At work, everyone laughed at me.  “Was there a pink elephant darting between the trees?”  After my second cup of coffee, I agreed with everyone.  I must have imagined it.  It must have been some trick my half asleep mind was playing. 

Still.  I couldn’t wait to get back home, after work.

Arriving home, I couldn’t believe it.  I mean, I believed it, but…but!  The house was back.  It looked just like it always did. 

At supper, I told hubby the story.  He said I must have dreamed it.  Maybe it was some kind of mind trick like déjà vu tricks the mind.  I didn’t know what to think, so I didn’t—think.

The next morning as I opened by front door, the house was gone again.  This time I took out my smart phone and took a picture.  “Hrmph!  This will show those nay sayers!” 

But my co-workers weren’t impressed.  They didn’t know what was there before the woods.  “Why didn’t you ask one of the people in the woods?” 

“Huh?”  I looked at the pictures and there were people in the woods!  I never noticed them.  They were walking around talking, or something.  Some of them had cameras.

“Oh.”

Later when I showed the pictures to hubby, he thought I was pulling his leg.  “C’mon.  You didn’t take this picture here.  You took this somewhere else.  Is this an early April Fool’s Day joke?”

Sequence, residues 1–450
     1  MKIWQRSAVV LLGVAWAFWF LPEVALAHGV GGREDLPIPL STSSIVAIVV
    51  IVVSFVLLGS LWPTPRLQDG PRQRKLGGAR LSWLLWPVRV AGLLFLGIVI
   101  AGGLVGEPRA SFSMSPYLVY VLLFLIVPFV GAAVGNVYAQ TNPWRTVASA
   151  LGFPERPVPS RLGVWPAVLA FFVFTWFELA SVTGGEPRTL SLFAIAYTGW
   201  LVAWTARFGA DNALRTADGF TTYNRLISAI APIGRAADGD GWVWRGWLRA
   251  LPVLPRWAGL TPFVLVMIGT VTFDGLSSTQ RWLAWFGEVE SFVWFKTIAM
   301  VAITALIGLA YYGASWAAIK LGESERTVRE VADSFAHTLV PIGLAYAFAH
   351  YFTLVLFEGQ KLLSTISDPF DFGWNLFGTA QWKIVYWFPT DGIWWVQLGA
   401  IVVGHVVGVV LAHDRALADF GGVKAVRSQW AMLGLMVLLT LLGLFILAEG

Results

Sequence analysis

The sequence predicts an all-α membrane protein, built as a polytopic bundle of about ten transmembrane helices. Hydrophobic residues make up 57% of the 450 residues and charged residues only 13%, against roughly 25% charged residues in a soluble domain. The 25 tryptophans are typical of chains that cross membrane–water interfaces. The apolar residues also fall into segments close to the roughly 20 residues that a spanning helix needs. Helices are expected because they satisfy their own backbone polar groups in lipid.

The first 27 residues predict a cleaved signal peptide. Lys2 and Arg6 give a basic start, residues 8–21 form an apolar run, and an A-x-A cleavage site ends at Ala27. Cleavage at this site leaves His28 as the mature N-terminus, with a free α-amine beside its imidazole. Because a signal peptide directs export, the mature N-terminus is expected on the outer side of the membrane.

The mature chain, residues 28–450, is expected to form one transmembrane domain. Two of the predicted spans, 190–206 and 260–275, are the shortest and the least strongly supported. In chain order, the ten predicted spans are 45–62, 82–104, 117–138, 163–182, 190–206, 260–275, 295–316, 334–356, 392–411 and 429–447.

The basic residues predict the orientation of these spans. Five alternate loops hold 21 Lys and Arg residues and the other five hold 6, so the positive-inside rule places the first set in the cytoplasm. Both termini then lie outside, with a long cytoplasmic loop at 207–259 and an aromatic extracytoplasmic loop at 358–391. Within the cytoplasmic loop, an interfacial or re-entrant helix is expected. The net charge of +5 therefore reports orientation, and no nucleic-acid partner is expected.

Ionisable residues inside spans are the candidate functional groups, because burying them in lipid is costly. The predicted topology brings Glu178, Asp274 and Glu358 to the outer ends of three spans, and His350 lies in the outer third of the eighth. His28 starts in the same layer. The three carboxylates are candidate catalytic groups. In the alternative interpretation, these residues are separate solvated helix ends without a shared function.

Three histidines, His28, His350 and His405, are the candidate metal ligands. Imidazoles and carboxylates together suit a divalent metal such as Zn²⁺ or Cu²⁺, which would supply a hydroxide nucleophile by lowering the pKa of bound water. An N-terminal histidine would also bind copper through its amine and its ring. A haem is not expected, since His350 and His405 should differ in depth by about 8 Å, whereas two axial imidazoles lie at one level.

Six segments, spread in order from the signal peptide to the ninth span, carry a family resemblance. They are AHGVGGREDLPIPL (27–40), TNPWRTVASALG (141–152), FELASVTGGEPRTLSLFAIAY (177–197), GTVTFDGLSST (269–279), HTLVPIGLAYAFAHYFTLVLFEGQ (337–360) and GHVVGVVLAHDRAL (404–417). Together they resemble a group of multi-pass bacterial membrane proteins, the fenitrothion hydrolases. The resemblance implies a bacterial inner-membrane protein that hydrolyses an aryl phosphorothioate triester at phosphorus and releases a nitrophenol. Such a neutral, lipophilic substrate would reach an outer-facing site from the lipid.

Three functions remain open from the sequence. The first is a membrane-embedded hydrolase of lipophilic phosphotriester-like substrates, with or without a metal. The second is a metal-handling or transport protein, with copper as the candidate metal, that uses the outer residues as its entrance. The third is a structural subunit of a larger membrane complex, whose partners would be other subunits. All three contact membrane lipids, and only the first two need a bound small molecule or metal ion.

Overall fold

I didn’t know what was going on.  But since I didn’t sleep well that night, I came up with a plan.  I was going to get up early with hubby.  Then I’d show him the woods across the street where the house used to be.  But I couldn’t sleep at all.  I was too jazzed.  So I got up.  I looked out the window.  The house was across the street, as always.  Well, not “as always” but it was where it belonged. 

I made us a big breakfast.  I looked out the window, again.  The house was there.  Hubby got up and we ate breakfast.  I didn’t mention the house but I kept checking the window.  It was still there.
Hubby did say that he was glad the house across the street kept disappearing because it got me out of bed early enough to make breakfast.  “Wise guy.”

As Hubby kissed me goodbye a van pulled up in front of the house across the street and dropped off some people.  Another van drove up and dropped off some stuff—equipment, I guess.